Taboo! (Teacher Buzzword Edition)

Like the game, the point is not to say certain, shall we say, buzzwords.

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So, here's the thing.

In education, we love our terminology, our buzzwords. We know the things we're supposed to say, and include in all our pedagogical conversations.

Alas, we also wind up draining those terms of any meaning. We say them because we know they're expected, and though they may actually be cornerstones of our practice, we become a bit resentful of their overuse.

And that's the best case scenario. We sometimes build these power structures wherein folks use the terms because they're "encouraged" to by folks with power and influence. Certain things can not get off the ground because they don't coincide with the current list of approved terms, and other things aren't questioned, because, well, they're on that list.

What would it look like if we just talked, and didn't worry about whatever the current edulingo dictates be said? If we took whatever trendy term was being applied to all teachers and learning, and made it taboo for the conversation? 

We could talk about student work without worrying about grit, or engagement.

We could talk about how kids learn without worrying about their resiliency or mindset.

Instead of spending our time trying to fit what we're talking about to a list of popular terms, what if we just talked about what we see, think, feel, want and need?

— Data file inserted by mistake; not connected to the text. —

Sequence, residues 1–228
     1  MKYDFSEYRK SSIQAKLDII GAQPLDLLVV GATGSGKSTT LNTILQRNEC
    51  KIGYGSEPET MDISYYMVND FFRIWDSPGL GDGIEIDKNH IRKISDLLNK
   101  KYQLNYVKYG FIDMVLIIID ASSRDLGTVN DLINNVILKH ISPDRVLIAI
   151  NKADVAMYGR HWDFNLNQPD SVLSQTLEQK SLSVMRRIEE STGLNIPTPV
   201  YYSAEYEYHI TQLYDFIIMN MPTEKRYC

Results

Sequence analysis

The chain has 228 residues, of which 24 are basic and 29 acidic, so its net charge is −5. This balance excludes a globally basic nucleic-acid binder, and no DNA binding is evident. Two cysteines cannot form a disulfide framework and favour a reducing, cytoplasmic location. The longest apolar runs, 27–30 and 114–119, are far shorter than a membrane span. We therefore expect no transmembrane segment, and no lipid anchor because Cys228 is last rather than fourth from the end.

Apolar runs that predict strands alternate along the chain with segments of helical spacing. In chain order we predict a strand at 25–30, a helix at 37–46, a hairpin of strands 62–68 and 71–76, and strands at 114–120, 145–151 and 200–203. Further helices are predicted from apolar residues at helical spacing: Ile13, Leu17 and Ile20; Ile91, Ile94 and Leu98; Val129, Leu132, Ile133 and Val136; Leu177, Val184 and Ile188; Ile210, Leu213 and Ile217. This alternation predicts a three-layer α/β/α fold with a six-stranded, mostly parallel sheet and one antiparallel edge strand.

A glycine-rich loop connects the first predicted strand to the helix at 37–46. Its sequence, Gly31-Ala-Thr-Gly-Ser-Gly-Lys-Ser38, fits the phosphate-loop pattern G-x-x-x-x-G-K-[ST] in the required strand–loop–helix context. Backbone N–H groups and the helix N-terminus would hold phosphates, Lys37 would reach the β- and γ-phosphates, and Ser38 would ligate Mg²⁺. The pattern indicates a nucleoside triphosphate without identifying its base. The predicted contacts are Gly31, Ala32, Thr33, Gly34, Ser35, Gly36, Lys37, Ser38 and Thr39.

Join the conversation:

Photo of Dan Blake

Thanks, Jay. I wholeheartedly agree that a rigorous, robust conversation with stakeholders happens best when there's a paradigm shift in the language we use to communicate our blah, blah, blah...

In my view, putting aside the "buzzwords" serves two important purposes: allows for more "real" conversations amongst educators and allows for clearer communication between educators and non-educators who may not be as well-versed in eduspeak (and who may have their own buzzwords in whatever sector they are coming from).

Photo of Jay Nickerson

Part of this suggestion comes from the reality that we often work in, where many people feel they need to agree when admin rolls out the buzzword laden thing that they're ascribing to currently. I've watched heads nod in faux agreement, simply because of who was saying what they liked and wanted more of. Without an avenue to speak openly, regardless of whatever eduspeak is being espoused is key to moving forward. Am I anti- buzzword and program. No, but is it the only way? Nope.

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